For bros who are looking to spend more time with their bros and less time sending back and forth texts with their girlfriends, a new Android app called “BroApp” promises to help them outsource their love lives. Specifically, the app that costs only £1.49, advertises exactly that as a promise. Men can “outsource their relationships” by customizing the app to their own personal experience, and letting automation take over and do the rest.
The app starts out by asking its user in true bro-like language, “Bro, who’s your girlfriend?” After inputting an answer, the bro in question can pre-write text messages or select from existing options that will be automatically delivered at an appropriate time according to the app’s advanced algorithm. This way, the bro’s girlfriend will not be suspicious that her love life has been outsourced and the bro can hang out with his male buddies. In fact, the algorithm even goes so far as to recognize the girlfriend’s WiFi network so texts will not be delivered when he is over at her house. After all, doing so would either raise suspicion or just flat-out bust the charade.
On Twitter, the app has proven itself to be quite controversial, causing both a stir and gaining a highly appreciative following. One user, @adamauburn writes:
“#BroApp The single most important invention of our time.”
Another, @bowyejane has a completely different take on the app and simply says:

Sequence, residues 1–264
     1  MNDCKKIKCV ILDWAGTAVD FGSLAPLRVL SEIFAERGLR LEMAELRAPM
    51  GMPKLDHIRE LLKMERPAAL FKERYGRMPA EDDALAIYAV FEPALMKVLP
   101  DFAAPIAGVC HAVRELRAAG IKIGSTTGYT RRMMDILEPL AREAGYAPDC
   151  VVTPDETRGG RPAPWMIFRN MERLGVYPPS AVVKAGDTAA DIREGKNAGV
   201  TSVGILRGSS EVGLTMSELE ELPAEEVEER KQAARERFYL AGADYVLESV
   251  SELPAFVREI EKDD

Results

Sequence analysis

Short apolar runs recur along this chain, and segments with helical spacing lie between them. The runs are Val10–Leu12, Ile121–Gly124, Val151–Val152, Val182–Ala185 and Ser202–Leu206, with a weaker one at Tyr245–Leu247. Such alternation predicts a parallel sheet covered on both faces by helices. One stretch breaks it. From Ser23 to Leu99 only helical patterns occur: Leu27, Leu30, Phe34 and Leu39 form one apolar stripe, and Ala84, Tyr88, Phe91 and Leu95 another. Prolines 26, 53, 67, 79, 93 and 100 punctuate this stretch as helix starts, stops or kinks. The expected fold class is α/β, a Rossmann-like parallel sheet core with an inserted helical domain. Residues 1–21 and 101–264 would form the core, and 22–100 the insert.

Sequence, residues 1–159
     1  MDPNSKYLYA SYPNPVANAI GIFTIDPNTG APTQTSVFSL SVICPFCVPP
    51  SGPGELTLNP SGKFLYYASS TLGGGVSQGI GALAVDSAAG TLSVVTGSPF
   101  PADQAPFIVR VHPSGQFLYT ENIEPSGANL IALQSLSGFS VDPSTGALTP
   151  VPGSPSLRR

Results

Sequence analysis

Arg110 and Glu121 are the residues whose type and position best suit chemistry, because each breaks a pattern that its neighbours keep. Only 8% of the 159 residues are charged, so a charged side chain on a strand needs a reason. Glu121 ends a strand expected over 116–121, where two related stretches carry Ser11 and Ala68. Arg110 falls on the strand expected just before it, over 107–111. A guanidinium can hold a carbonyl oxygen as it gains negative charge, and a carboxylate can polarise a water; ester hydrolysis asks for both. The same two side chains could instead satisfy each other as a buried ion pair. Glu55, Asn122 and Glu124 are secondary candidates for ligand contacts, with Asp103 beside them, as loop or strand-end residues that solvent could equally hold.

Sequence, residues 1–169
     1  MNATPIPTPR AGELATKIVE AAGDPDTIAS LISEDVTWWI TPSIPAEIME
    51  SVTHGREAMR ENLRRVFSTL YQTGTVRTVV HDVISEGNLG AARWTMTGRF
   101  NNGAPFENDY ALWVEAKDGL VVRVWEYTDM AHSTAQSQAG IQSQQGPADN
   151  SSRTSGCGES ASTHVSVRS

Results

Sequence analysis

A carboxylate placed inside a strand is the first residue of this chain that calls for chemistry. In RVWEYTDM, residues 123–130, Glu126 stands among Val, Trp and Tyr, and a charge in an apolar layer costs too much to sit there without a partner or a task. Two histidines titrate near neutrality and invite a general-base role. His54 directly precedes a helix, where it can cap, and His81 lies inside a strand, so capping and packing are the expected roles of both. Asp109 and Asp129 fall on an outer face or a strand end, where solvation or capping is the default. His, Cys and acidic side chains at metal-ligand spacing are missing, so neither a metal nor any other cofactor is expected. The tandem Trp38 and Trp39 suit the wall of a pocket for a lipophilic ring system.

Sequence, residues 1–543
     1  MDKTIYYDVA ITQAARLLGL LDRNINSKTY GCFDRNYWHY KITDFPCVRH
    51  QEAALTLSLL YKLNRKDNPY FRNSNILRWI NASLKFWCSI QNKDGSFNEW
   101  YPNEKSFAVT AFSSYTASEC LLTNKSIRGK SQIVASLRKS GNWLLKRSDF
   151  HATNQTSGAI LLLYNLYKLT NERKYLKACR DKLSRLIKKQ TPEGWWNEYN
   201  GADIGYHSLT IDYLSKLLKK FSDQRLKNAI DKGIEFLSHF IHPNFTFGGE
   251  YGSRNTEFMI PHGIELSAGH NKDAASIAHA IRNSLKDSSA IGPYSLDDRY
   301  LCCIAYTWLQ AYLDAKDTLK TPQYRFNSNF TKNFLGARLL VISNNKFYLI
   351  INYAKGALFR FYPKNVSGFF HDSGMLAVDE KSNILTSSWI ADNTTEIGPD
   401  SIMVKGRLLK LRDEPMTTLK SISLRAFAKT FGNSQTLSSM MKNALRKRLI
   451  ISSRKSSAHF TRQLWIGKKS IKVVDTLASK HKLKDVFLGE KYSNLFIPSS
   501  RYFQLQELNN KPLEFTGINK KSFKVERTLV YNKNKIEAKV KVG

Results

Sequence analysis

“This is the worst #broapp #everydaysexism”
Perhaps outsourcing love lives with an Android app is not the answer for every bro, but as BroApp calls itself, it is a “relationship wingman.” The Android app even goes so far as to detect when a bro’s girlfriend might be trying to sneak their way into the app and in such a case, it will send her a list of gifts that the bro was planning to buy her as a decoy solution.
While a lot of bros on Twitter are thrilled at the convenience and ease BroApp offers them, Wired argues that BroApp is turning people into sociopaths. While BroApp is just another step on the road to automation, it presents a larger problem with society in that it helps people take “the easy way out.” In BroApp’s case in particular, it takes something that is meant to be the epitome of honesty and sincerity (a relationship) and turns it into the mirror opposite. In fact, BroApp on its own, already cautions users that a girlfriend who discovers them using BroApp, “will not be happy.”
How did the conception of BroApp come about? Perhaps bro culture has been enhanced by the popular television series How I Met Your Mother where one of the main characters, Barney Stinson (portrayed by Neil Patrick Harris) is the ultimate bro and frequently makes references to “The Bro Code” and lifestyle. Something like BroApp would fit perfectly in Barney Stinson’s hands and it might not be so unlikely to attribute BroApp’s inspiration to bro culture, which has been put in the spotlight thanks to the wild success of the series.
Whether outsourcing love lives through an Android app called BroApp sounds appealing or not, it is something that is happening. Ultimately, it is up to each individual person if they want to sustain a normal type of relationship, or go the BroApp route and put things on autopilot; at the risk of getting caught, of course.
Editorial by Jonathan Holowka